In a recent post, we addressed one of the greatest challenges of the present moment: the information (and misinformation) overload we experience each day.
The primary place we encounter this misinformation is social media, where the challenge of avoiding it is amplified by the very nature of these platforms, especially those frequented by teens. Content on TikTok, YouTube, Instagram, and Twitter comes directly from other users. We see their faces, hear their voices, feel a connection to them. These connections put us at even higher risk of falling for false authority. For instance, someone in scrubs is not inherently an expert on viruses, no matter how convincing their “treatment” for COVID-19 is.
The unfortunate reality is that some segments of the internet are dedicated to misinformation. Young people are often targets of conspiracy theories about governments and supranational governments as well as false advertising about home cures, beauty products, and “life hacks.” Falling for these hoaxes, especially now, can take them down some strange and potentially dark paths.
Fortunately, however, these platforms also have safeguards against negative rabbit holes. TikTok and YouTube users can curate a positive online environment for themselves by simply focusing on what they enjoy. Skipping right over content flagged with a coronavirus label will eventually remove it from their feeds altogether. The same goes for content that is just awful or infuriating. On Instagram and Twitter, users choose who they follow and can mute or block topics and other users. Again, not looking at upsetting content will keep them from seeing it!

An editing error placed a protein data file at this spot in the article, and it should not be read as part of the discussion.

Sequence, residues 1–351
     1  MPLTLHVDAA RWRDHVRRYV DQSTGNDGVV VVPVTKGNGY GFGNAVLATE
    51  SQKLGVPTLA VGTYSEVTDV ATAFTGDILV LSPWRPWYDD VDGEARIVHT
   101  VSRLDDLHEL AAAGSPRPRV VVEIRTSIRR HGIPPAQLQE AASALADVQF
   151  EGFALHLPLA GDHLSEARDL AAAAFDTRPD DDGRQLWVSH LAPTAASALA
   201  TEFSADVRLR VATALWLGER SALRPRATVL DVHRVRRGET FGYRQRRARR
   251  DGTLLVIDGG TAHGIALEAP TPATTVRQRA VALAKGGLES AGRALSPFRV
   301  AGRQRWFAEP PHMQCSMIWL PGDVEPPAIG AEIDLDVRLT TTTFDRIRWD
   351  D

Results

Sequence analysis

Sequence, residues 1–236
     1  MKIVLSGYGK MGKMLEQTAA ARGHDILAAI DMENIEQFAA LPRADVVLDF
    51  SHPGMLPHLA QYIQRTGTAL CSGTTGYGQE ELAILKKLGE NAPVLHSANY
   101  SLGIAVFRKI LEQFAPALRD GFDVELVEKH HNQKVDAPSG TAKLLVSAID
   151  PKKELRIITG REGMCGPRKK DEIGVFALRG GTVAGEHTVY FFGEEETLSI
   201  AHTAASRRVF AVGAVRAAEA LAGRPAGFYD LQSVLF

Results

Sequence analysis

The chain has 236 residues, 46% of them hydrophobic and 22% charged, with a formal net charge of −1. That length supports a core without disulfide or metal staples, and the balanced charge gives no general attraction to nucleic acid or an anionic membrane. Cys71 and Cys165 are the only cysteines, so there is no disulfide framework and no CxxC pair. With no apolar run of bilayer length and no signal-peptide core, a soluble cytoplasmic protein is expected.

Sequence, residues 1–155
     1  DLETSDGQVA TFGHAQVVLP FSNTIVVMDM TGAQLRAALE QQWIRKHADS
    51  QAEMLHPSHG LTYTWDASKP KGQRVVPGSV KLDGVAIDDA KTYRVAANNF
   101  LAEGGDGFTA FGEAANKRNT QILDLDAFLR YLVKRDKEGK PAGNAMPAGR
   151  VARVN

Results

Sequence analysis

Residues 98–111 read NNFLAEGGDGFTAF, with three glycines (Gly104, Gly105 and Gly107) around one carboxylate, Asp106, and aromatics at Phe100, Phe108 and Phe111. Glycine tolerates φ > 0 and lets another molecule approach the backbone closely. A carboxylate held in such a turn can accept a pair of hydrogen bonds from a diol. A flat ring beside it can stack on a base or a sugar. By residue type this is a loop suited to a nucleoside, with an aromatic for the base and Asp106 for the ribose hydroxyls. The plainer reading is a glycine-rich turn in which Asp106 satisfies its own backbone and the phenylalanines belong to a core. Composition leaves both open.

Caretakers of teens can help them avoid ruining their own days by engaging them in regular conversations about what they’ve been seeing and hearing. Encourage them to not watch or engage with content or people that upset, anger, or scare them. Remind them that they are in control of their experience online, and they can make it a wonderful place by refocusing on the funny stuff, the dance videos, the craft tutorials, or whatever helps them cope, relax, and grow.
Also, be sure to keep yourself informed of hoaxes, conspiracies, and misinformation that’s circulating. The Coronavirus Misinformation Tracking Center provided by NewsGuard and official sources like WHO, CDC, and FEMA can help with this. Remind yourself and the teens around you to double check what’s shared on social media with other sources. (This is especially important for information found on TikTok as the date and geographical location of a post is not always clear!)
And, of course, remind yourself and the young people in your life to just log off sometimes!